Collision damage experts Larry Montanez and Arthur Harris presented “The Keys to Successful Estimating!” during NACE in New Orleans, LA, on Oct. 12.
The focus of their presentation centered on DEG, Database Enhancement Gateway, a free service funded by the Society of Collision Repair Specialists, the Automotive Service Association and the Alliance of Automotive Service Providers. The DEG is an advocate for accurate collision data and acts as a go-between for shops and information providers—CCC, Mitchell and Audatex. The DEG was developed to improve the quality and accuracy of collision repair estimates by those who use collision repair estimating databases to provide feedback to information providers.
“The DEG was created because there was a disconnect with information providers and DEG was created to bridge that gap,” said Harris, DEG Administrator.
The DEG public database has been around for five years, said Harris, who has been with the company for two years. He describes his job as “facilitating the gap between information providers and the estimate user.”
Collision repairers and insurers may submit questions and inquiries or ask for assistance with a particular problem and DEG will work with the information provider to reach a resolution. Often, this can result in changes to the database or P-Pages. Shops are also encouraged to submit pictures or short videos with technicians performing a task in regards to a question or problem that arises, said Montanez, a collision damage analyst with P&L Consultants.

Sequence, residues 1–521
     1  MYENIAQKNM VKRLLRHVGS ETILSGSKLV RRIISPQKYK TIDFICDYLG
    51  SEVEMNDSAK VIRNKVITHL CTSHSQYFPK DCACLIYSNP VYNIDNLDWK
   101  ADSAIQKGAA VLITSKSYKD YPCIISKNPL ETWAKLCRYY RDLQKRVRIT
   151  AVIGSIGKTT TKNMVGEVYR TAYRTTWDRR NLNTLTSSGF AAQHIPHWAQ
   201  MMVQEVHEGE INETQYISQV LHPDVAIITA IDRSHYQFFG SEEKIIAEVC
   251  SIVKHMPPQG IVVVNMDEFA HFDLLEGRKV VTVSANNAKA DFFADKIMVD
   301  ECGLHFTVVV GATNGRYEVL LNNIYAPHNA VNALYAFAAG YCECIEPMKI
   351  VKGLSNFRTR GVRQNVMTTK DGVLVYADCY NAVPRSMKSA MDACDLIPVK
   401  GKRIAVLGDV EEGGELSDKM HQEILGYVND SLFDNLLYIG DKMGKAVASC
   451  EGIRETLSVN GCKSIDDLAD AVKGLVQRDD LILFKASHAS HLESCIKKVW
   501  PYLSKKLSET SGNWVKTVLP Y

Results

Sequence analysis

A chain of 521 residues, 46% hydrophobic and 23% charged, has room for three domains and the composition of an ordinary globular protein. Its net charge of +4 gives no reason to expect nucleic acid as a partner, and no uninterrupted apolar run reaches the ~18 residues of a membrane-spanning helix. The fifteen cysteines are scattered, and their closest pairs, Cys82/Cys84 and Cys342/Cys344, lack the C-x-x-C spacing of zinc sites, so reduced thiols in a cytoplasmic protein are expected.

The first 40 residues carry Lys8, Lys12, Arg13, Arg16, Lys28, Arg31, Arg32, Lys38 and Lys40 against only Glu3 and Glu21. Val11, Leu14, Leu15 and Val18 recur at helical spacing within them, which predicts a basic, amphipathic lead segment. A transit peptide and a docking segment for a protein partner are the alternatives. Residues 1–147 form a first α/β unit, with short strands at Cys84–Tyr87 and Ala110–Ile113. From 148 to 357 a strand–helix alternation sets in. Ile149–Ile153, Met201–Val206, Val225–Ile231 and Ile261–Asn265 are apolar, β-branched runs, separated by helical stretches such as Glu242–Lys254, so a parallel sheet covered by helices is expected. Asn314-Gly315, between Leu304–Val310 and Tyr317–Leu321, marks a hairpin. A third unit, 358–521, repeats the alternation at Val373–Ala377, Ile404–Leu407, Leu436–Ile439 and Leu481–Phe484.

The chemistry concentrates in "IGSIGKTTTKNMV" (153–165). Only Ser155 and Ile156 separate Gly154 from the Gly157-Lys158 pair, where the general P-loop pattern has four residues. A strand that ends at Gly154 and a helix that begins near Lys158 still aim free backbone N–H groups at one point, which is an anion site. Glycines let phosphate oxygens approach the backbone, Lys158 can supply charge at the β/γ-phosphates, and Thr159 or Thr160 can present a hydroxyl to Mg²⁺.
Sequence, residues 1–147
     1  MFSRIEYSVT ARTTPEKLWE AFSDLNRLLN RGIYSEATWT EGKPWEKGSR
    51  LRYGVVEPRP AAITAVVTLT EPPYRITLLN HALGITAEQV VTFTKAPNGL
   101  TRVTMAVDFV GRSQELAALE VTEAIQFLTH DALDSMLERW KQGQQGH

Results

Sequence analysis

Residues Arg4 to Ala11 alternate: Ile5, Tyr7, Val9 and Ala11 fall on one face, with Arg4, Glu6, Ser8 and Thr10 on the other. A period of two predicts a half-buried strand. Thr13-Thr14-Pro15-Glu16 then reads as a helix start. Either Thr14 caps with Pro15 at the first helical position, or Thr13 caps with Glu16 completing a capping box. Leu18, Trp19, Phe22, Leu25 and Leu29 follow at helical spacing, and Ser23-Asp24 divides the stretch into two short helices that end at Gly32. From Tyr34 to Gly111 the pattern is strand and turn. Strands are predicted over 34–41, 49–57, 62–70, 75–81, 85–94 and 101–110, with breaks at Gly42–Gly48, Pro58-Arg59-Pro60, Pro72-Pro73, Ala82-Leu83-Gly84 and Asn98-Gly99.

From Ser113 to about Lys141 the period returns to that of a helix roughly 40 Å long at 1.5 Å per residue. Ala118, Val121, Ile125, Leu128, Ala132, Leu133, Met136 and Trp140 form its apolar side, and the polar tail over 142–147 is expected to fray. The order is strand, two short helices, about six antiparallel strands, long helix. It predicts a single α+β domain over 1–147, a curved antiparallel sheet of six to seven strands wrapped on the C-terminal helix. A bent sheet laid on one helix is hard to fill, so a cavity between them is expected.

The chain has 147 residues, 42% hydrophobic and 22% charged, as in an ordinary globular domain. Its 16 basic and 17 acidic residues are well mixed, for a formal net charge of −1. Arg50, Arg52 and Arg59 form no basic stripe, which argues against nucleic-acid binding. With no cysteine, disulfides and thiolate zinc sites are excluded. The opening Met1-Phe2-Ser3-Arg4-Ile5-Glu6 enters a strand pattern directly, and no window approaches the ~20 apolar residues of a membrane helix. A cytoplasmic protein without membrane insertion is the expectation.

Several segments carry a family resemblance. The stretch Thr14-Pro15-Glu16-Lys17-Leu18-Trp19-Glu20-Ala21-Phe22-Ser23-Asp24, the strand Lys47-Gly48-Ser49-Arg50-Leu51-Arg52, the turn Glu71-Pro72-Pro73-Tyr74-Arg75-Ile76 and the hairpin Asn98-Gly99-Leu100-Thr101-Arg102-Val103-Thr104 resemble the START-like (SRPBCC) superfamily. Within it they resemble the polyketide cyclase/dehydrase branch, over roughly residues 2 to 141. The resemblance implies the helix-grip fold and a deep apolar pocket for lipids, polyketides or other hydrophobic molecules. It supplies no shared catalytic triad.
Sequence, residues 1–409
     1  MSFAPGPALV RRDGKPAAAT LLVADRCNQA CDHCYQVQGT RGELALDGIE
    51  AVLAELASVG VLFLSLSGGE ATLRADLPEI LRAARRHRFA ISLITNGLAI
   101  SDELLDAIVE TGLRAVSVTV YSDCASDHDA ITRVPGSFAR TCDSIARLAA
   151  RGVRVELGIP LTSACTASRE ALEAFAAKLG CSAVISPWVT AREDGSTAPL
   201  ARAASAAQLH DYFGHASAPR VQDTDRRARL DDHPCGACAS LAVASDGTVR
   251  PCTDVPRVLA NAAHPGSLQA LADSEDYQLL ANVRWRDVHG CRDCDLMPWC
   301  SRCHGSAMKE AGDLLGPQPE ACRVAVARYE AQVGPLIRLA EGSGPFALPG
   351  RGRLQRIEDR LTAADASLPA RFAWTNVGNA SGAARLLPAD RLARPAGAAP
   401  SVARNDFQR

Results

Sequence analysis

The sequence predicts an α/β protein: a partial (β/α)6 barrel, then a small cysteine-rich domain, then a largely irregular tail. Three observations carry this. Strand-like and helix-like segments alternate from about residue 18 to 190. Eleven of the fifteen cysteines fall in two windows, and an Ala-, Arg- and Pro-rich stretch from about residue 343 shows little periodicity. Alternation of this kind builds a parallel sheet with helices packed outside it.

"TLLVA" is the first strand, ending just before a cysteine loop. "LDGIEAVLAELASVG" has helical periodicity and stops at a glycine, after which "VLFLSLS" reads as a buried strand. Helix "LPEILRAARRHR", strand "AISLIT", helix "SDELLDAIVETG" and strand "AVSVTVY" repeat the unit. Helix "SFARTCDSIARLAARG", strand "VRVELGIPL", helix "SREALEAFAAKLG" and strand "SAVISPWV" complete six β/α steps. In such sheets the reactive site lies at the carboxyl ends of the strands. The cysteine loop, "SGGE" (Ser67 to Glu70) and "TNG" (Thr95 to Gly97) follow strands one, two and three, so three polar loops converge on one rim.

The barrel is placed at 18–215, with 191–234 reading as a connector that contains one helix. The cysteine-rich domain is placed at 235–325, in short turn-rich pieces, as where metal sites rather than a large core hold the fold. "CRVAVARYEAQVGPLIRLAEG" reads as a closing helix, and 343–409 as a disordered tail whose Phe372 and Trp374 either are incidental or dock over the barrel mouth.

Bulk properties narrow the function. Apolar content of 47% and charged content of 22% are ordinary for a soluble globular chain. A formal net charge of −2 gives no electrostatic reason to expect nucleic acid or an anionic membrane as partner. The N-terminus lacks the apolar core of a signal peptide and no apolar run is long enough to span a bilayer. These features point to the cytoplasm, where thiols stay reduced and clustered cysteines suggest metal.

To submit an inquiry, log on to www.degweb.org and fill out an online worksheet.
“The DEG is free and people should send in their inquiries. It helps everyone get questions answered,” said Montanez.
The DEG database is a valuable tool for the collision repair industry as it provides valuable feedback on missing, unclear or potentially inaccurate data within the estimate systems, Harris said. He adds that the DEG provides timely responses on both the status on an inquiry and the response from the information provider in question. Users can also read all other inquiries made by other repairers and see how the issue was resolved.
Through feedback by repairers, the DEG can help fix footnotes, inaccurate labor times, missing parts, incorrect part numbers, and substrate identification.
In addition, Harris advised those in attendance at the NACE presentation not to print out the P-Pages, or estimating guides as he called them, because they could be outdated. Montanez says he downloads the P-Pages once a month to replace the older version from the previous month.
“The P-Pages aren’t guides. The estimates aren’t suggested. It is the manual,” said Montanez. “The P-Pages are not open to interpretation.”
For more information on the DEG, go to www.degweb.org.